We boarded the train in Emeryville, California, which is just a hop, a skip, and a crumbling flyover ramp from the deep-water port of Oakland. There, under the shadow of the Bay Bridge and the anxious gaze of the San Francisco office district, massive ships lumber in from all over the Pacific rim --especially China-- leaded and laden with hundreds upon hundreds of thoroughly un-inspected containers filled with thoroughly un-inspected products. All but a cursory few will still be thoroughly un-inspected when they are transferred to truck or to train and lugged into virtually every nook and cranny of Our Fare Land, which is supposed to be worried as hell about that sort of thing...
...according, that is, to the government-- which is precisely the same government that conducts all the un-inspections.
Still, security at the port is a thousand times tighter than is the security at the local Amtrak station. Emeryville is crammed into a nook --or maybe it's a cranny-- on the map between Oakland and Berkley. Any Cal students looking to transport anything illicitly need not seal it into a baggie and sink it into a mostly full shampoo bottle and then sweat the x-ray machines, man. Just put it in your pocket and take the train. As someone who doesn't particularly like the TSA pawing through his underwear and whiskey flasks, and who always gets pulled aside for a little extra look-see at airports (thank you, Howard, for putting all those red flags next to my name), even I think Amtrak's screening process should consist of more than: "Got a ticket?" Apparently, nobody cares if a passenger train gets blown up or if its passengers get infected with some slow-acting but inevitable biological nightmare-- not even if the train in question is destined, as ours was, for the boisterous bowels of Chicago's Union Station.
But then, why should anybody care? After all, Amtrak itself somehow manages to find something to crash the City of New Orleans into every third week or so.
The train we took was the California Zephyr. I'll spare you all the details. There are lessons to be learned from a train ride, but you have to be something of a history buff or an engineering buff or be one of those people who gets downright sexually aroused by railroads to really appreciate said lessons. Assuming that I, as usual, am the only one in the room who pitches a tent over such things, I'll avoid a full travelogue and impart only a handful of observations...
(1) Burlington, Iowa, is pretty well off any major, modern-day beaten path. I'd been to Burlington before --just passing through, really-- but it wasn't until I had the luxury of seeing it from the vast viewing windows of a dining car, snaking its way through the old and, uh, "down" part of town, that I could really appreciate what a big commercial center it must once have been-- say, eighty or a hundred years ago. You can tell by the architecture.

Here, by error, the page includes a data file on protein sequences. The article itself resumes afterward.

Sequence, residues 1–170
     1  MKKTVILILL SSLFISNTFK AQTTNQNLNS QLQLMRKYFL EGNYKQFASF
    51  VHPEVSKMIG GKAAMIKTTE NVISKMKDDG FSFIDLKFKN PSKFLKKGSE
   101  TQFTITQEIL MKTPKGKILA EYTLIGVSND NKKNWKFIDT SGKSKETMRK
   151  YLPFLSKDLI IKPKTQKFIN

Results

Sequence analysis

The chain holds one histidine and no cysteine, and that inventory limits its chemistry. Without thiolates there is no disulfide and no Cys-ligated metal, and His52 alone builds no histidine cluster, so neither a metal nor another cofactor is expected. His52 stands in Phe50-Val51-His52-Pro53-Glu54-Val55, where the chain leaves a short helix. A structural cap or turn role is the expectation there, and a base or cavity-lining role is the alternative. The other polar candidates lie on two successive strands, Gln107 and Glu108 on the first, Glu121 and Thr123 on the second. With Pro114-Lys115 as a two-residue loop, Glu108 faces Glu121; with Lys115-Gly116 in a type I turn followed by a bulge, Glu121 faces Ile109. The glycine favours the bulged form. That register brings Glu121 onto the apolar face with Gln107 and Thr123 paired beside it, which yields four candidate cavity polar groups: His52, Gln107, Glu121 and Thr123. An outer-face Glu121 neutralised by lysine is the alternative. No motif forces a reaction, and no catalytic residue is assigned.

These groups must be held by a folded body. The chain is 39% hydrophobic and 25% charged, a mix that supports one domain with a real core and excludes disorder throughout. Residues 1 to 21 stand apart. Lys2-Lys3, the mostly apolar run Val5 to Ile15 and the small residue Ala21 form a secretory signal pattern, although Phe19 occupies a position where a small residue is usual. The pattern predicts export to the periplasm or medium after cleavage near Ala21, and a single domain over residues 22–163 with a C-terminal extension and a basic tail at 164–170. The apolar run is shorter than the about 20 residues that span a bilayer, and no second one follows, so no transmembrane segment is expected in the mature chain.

(2) We laid over in Salt Lake City for several of the wee small hours of one morning. I got off the train to get a little polluted air and wandered into the "station." I've seen smoking kiosks that were bigger than Amtrak's "station" in Salt Lake City. They had three vending machines. I found none of them inspiring-- and I'm a guy who is easily inspired to consume. I wandered outside again and walked over to the bus station next door. It was the size of a small shopping mall, and there were some brightly-colored machines in there, calling to me. Before I could commune with them, though, a rather, um, imposing woman with a utility belt and a no-nonsense mien intercepted me...
"Can I help you?" she asked in a what-the-hell-are-you-up-to tone of voice.
I explained that I was in search of better vending machines than the ones at the train station. She informed me that the bus station was closed.
(3) While rolling through Wyoming we passed a number of hopper-style cars piled high with dark, chunky material. My traveling companion wondered aloud what it could be.
"Coal," I said.
"Coal? It can't be coal. Nobody mines coal anymore."
I felt my eyebrows shoot halfway up my forehead. "What about all those coal miners that got killed in West Virginia last year?" I asked.
"That's Appalachia," replied my companion. "That doesn't count."
Judging by the way one of those very same coal widows was utterly ignored by Joe Biden and the other Democratic presidential candidates at a debate in Soldier Field, that statement is true. But I didn't give up...
"Okay," I said, "well, what about the coal miners trapped in Utah. And what about that coal mining accident in southern Indiana?" A day later, still on the train but now in Illinois, I said, "Hey, come here a minute."
"What?" asked my companion.
I pointed out the window. "What do you suppose that is?"
"What what is?"
"All of that coal, piled up in all those coal cars, on that unit coal train we're passing. Are you gonna try an' tell me that isn't coal?"
Heavy sigh. Roll of the eyes. Shake of the head. "I'm not going to try to tell you it isn't coal, Killre."
I no longer travel with that companion.
P.S.... Bud "Shave and a Haircut, Two Bits" Selig must go.